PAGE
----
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From "Shad Storhaug (JIRA)" <j...@apache.org>
Subject [jira] [Created] (LUCENENET-614) Make Lucene.Net.TestFramework functionality available to end users (as was done in Java)
Date Mon, 12 Aug 2019 03:01:00 GMT
Shad Storhaug created LUCENENET-614:
---------------------------------------

             Summary: Make Lucene.Net.TestFramework functionality available to end users (as
was done in Java)
                 Key: LUCENENET-614
                 URL: https://issues.apache.org/jira/browse/LUCENENET-614
             Project: Lucene.Net
          Issue Type: Test
          Components: Lucene.Net.TestFramework
    Affects Versions: Lucene.Net 4.8.0
            Reporter: Shad Storhaug


Early efforts on Lucene.Net failed to recognize that the test framework was not meant to be
an internal component only used by Lucene's tests, but it was also shipped to end users as
a Java package so they could use it to test their own custom extensions to Lucene.

We have had at least 2 people request that we make the TestFramework module public.

*Challenges:*
 # In Java JUnit is ubiquitous, but in .NET there are several test frameworks widely in use.
We would need to support at least NUnit, xUnit, and MSTest in order to have wide coverage.
 # Testing frameworks tend to use .NET attributes, and it is not possible to abstract attributes
in such a way we can use a single set of attributes to support every test framework.
 # Testing frameworks tend to use static methods to assert test failures, we need to ensure
wrapper abstractions are used consistently in {{Lucene.Net.TestFramework}} if we are to build
an abstraction over each 3rd party test framework's static methods.
 # The API of the test framework wasn't designed with end users in mind. It needs to be cleaned
up to use .NET conventions and best practices.
 # The test framework uses abstract classes with tests that are meant to be inherited by the
implementer of the subclass. In the past, this has had some strange behavior where the tests
were not showing up as belonging to the class library that owned them, but they were shown
as "external tests" in Visual Studio Test Explorer.
 # There are no tests that exist to verify the test framework works like it did in Java.

First of all, we should have 3rd party test framework specific adapter assemblies, i.e. {{Lucene.Net.TestFramework.NUnit}},
{{Lucene.Net.TestFramework.xUnit}}, {{Lucene.Net.TestFramework.MSTest}}.

I have done some analysis and it seems that the issue with calling static methods can easily
be overcome by consistently using the {{assertXXX}} methods that already exist. A wrapper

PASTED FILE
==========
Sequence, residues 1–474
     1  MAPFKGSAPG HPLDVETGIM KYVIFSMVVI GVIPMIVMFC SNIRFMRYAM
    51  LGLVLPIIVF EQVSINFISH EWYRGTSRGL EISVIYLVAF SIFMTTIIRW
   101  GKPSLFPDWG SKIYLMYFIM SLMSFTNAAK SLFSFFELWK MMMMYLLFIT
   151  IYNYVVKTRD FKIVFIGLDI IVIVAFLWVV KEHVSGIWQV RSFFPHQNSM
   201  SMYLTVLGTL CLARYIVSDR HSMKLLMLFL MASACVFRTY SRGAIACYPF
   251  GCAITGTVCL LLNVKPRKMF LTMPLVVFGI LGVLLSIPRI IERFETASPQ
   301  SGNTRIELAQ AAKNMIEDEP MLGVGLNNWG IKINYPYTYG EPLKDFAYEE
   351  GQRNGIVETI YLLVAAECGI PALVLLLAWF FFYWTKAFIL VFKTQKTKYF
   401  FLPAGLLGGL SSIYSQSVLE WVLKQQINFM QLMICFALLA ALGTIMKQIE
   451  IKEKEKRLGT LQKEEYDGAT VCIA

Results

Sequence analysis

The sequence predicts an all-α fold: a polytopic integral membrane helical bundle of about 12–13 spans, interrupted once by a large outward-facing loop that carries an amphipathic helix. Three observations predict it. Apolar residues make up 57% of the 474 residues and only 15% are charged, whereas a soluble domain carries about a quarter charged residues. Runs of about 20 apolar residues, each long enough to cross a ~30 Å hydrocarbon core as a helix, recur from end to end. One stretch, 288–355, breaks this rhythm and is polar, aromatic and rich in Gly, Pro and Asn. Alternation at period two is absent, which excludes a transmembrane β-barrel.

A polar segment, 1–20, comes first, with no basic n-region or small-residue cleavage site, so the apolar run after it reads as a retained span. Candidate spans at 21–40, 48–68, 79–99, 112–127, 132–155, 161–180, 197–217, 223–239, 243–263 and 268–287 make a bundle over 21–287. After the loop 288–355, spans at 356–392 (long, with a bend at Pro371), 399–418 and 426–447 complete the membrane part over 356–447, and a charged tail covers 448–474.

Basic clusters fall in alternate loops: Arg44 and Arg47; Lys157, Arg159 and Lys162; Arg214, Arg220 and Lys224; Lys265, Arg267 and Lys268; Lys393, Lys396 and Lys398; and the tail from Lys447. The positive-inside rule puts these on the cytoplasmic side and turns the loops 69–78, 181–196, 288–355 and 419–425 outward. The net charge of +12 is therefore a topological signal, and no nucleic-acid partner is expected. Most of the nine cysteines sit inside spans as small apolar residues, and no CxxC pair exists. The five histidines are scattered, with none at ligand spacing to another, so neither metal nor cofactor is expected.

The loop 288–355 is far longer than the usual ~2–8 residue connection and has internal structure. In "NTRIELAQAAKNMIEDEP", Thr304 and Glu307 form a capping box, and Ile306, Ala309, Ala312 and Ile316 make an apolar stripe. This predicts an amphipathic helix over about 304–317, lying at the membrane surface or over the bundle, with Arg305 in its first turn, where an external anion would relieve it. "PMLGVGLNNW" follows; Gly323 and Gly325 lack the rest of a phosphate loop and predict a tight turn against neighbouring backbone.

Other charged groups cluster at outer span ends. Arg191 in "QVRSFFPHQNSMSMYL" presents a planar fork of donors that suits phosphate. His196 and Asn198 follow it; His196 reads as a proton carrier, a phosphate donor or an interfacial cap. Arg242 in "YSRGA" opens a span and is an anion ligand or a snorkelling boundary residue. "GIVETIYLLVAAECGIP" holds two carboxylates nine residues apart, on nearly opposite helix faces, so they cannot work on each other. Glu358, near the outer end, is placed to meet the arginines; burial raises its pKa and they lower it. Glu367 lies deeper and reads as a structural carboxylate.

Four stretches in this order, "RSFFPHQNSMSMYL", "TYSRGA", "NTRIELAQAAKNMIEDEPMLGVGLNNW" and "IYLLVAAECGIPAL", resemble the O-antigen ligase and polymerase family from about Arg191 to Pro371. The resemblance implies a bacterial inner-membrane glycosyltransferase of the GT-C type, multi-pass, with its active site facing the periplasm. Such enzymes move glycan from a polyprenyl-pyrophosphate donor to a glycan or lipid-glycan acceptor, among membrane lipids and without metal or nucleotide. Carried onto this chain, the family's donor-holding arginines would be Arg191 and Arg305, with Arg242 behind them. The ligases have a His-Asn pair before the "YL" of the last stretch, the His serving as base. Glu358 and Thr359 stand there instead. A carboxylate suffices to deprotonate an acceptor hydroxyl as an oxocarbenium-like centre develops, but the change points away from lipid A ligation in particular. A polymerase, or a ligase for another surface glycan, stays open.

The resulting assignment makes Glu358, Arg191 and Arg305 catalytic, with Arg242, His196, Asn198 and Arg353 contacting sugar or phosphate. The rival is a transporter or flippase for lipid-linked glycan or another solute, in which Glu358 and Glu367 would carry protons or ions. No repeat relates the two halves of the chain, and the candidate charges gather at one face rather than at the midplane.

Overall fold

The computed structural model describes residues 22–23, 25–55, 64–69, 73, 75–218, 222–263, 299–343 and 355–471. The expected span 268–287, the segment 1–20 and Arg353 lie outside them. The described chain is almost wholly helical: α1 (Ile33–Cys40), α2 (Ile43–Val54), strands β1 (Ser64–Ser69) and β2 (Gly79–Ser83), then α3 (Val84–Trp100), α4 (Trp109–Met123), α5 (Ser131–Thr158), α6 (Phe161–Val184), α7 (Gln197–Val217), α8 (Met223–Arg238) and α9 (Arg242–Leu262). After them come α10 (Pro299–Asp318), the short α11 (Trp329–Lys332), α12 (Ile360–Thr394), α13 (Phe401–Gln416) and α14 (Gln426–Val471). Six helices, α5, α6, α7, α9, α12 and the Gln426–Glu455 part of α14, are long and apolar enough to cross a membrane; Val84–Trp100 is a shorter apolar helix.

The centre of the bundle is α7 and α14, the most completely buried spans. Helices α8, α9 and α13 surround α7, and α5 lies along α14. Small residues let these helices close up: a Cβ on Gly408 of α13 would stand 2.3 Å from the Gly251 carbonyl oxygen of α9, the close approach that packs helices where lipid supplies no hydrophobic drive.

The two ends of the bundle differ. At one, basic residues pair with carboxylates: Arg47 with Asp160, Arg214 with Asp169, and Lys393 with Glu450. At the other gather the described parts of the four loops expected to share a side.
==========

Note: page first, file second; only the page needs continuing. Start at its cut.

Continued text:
interface could be built to implement these methods, and then in each adapter assembly, an
implementation could be created to call into the 3rd-party test framework's static methods.

The existing Java-like methods could be made into internal methods and setup {{InternalsVisibleToAttribute}}
for all of our test projects so they can still access these methods. The thought is to keep
these Java-like so future tests are easy to port, but not to expose them to end users. End
users should be directed to use each 3rd party test framework's static methods directly.

For the attributes, there are at least 2 possible options. 
 # Quick and dirty: Add conditional compilation around the attributes (for example {{FEATURE_NUNIT}},
and use globbing patterns to decide which {{.cs}} files from the {{Lucene.Net.TestFramework}}
folder to include in each package.
 # Extensible:
 ## Rename each end-user-inheritable class in {{Lucene.Net.TestFramework}} with the suffix
{{Base}}.
 ## Create a subclass of each base class in each test framework adapter assembly with the
original class name, and add the test framework specific attributes to this class.

The latter approach has the advantage that any 3rd party can make an adapter for use with
another 3rd party test framework. The former approach has the advantage that we don't need
to ship a {{Lucene.Net.TestFramwork}} package in addition to the 3rd party framework adapter
packages, and is quicker to implement because we don't need to rename, move or create very
many files.

As far as the weird "external tests" behavior, that did not seem to happen with xUnit, and
seems to have inconsistent behavior between different versions of NUnit. For NUnit, we either
need to check for and patch compatibility with a wide range of versions of NUnit or document
that we only support specific versions.



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